I want to speak now to the schedules, of which there are four. Schedule 1 of the bill is to do with employer reporting of superannuation contributions on payslips. The payslip reporting provisions in the Superannuation Industry (Supervision) Act 1993 require employers to include in employee payslips information prescribed by the regulations. Labor had intended that these regulations would be made specifying that employers had to report on payslips the amount of superannuation contributions and the date on which the employer expected to pay them. Labor did not make these regulations. The enabling legislation is, therefore, redundant and so we will repeal it. The superannuation contribution on an employee's payslip was not evidence that the actual superannuation contribution had been paid by the employer. So the only way that an employee could ascertain whether or not their contribution had been paid was to contact their super fund. Mostly you can do that through going online or receiving monthly, quarterly or sometimes annualised statements, depending on what your arrangement is with that particular fund. However, this is just a simple piece of legislation that we are repealing. This government is providing certainty for employers that they do not need to prepare for significant changes to the software that generates their payslips in respect of superannuation reporting.
Schedule 2 speaks to the consolidation and repeal of tax provisions. This measure simplifies the taxation laws by consolidating duplicated taxation administration provisions contained in various tax acts into a single location in a single act. This was put forward as part of Treasury's initial review of the Income Tax Regulations 1936 with a number of provisions in the principal law and regulations identified as duplicative, inoperative or spent. So these are recommendations that have come directly from Treasury. A number of provisions contained within the regulations were also identified as being more appropriately incorporated into the primary law. Overall, the changes will result in a material reduction in the size of the taxation laws, with one or two sections replacing in excess of 50 provisions. So 50 provisions we have replaced with one.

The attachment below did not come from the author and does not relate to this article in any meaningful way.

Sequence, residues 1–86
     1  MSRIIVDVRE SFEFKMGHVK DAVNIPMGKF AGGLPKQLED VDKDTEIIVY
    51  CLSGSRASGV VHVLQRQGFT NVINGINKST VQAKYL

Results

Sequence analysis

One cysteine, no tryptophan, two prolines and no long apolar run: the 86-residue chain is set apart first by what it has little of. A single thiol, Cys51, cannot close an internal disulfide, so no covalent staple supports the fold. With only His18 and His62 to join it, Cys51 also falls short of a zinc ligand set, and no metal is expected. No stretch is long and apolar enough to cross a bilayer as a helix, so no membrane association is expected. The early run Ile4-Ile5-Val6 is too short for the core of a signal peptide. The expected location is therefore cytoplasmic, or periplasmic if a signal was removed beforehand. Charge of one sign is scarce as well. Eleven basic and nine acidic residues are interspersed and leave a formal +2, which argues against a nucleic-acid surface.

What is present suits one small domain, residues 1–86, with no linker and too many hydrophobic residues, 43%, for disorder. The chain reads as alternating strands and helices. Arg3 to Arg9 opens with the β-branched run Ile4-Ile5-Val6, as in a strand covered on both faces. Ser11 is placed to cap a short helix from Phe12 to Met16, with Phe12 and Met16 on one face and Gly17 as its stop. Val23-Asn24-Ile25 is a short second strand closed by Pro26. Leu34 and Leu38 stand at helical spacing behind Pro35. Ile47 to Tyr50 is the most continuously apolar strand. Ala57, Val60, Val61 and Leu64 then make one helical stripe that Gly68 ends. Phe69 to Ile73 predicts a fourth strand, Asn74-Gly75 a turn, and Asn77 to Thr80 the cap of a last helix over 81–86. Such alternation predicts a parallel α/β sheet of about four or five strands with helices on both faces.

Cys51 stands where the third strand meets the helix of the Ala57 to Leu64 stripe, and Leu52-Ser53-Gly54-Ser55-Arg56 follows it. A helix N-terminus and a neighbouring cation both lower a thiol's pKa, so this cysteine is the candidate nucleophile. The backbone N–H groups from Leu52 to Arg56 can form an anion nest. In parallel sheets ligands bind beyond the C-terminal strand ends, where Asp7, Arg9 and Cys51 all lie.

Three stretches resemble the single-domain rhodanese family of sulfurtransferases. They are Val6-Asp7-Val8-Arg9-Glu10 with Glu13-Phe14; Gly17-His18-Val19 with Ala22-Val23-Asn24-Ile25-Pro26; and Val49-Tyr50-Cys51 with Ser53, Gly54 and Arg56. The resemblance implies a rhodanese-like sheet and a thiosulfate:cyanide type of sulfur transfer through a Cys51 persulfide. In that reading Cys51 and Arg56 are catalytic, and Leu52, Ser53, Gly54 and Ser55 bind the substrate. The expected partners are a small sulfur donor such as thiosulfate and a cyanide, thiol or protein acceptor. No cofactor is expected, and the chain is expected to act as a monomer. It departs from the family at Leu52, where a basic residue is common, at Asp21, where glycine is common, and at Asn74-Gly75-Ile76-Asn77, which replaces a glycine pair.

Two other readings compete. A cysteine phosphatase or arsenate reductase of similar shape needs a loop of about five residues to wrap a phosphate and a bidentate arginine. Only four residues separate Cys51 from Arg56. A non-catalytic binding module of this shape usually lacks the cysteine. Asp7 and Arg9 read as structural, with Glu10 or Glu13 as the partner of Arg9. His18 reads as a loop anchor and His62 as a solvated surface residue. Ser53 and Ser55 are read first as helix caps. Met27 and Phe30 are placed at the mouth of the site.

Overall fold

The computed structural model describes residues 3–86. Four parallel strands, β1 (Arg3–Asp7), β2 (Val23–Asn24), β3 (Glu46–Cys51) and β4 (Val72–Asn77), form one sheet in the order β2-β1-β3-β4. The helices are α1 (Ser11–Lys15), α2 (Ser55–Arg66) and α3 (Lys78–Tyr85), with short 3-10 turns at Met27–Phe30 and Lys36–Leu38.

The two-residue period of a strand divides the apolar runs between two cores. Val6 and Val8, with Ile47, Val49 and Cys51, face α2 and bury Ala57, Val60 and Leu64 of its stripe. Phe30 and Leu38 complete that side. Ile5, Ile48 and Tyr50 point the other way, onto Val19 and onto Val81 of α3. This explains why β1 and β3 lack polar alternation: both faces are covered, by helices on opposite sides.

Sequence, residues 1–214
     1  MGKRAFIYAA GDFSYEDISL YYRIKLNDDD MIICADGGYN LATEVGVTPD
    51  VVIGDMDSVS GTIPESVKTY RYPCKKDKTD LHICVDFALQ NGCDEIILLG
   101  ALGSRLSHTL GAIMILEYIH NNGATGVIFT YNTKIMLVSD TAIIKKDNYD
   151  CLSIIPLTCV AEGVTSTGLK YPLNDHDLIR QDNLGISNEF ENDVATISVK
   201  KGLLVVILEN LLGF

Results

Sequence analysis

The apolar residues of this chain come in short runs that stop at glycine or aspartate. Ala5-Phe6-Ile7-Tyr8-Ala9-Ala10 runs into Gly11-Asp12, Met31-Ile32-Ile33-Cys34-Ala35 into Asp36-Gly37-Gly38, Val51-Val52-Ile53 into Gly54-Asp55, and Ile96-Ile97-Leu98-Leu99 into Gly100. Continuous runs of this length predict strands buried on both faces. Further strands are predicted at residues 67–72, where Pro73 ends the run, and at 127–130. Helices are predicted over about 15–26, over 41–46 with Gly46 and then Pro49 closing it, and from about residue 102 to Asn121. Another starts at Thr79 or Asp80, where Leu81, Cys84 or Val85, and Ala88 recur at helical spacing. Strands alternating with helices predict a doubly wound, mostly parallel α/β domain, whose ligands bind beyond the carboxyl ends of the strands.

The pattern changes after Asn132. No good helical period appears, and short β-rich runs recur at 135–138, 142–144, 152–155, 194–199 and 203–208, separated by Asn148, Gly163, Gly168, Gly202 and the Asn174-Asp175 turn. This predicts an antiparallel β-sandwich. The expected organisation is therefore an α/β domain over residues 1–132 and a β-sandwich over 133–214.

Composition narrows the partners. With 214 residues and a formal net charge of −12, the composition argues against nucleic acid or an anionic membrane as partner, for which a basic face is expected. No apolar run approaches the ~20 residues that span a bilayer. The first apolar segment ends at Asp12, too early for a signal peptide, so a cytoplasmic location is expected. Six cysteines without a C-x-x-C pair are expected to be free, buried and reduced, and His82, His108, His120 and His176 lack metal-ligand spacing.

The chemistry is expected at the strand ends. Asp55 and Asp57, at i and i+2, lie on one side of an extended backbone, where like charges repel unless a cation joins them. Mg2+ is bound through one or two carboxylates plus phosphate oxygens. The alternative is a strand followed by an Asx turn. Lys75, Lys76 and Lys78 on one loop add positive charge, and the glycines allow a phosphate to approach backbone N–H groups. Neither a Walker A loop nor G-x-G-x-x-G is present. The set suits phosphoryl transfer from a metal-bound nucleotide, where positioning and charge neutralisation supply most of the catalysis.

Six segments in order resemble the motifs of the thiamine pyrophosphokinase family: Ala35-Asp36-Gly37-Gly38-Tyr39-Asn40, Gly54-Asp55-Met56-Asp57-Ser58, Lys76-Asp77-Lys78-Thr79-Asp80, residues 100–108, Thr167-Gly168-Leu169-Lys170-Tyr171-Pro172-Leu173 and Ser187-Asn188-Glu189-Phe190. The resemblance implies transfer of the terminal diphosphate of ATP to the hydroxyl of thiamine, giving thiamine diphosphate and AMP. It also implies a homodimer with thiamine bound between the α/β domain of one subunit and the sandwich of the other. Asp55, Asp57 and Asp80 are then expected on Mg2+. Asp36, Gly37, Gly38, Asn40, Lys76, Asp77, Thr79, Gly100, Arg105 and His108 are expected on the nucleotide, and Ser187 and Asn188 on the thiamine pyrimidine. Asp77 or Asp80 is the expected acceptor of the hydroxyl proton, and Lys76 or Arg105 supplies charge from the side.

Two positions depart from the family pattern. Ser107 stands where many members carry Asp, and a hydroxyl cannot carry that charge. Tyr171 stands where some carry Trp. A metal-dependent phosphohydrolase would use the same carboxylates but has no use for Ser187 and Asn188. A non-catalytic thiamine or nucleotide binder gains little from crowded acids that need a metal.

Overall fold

Schedule 3 is to do with the Financial Sector (Shareholdings) Act 1998. This measure will remove a burden on some associates of a person who is seeking approval for a direct control interest of greater than 15 per cent in a financial sector company. The measure modifies the deemed share aggregation rules applying to associates such that associates who do not have a direct control interest in the company will no longer be required to seek approval for the shareholding. The changes in this bill do not compromise the examination of a shareholder's controlling interest. This measure removes the technical legislative trap that imposes an unnecessary regulatory burden.